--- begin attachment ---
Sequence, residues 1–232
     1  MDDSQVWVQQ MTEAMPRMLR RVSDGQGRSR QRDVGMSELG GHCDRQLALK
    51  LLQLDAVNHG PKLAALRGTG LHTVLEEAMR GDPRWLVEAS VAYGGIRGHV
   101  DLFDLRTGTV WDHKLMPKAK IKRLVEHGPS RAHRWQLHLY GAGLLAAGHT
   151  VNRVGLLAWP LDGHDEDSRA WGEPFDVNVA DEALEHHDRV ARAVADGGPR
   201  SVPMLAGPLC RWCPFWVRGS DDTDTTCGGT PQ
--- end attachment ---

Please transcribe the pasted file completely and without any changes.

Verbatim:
Sequence, residues 1–232
     1  MDDSQVWVQQ MTEAMPRMLR RVSDGQGRSR QRDVGMSELG GHCDRQLALK
    51  LLQLDAVNHG PKLAALRGTG LHTVLEEAMR GDPRWLVEAS VAYGGIRGHV
   101  DLFDLRTGTV WDHKLMPKAK IKRLVEHGPS RAHRWQLHLY GAGLLAAGHT
   151  VNRVGLLAWP LDGHDEDSRA WGEPFDVNVA DEALEHHDRV ARAVADGGPR
   201  SVPMLAGPLC RWCPFWVRGS DDTDTTCGGT PQ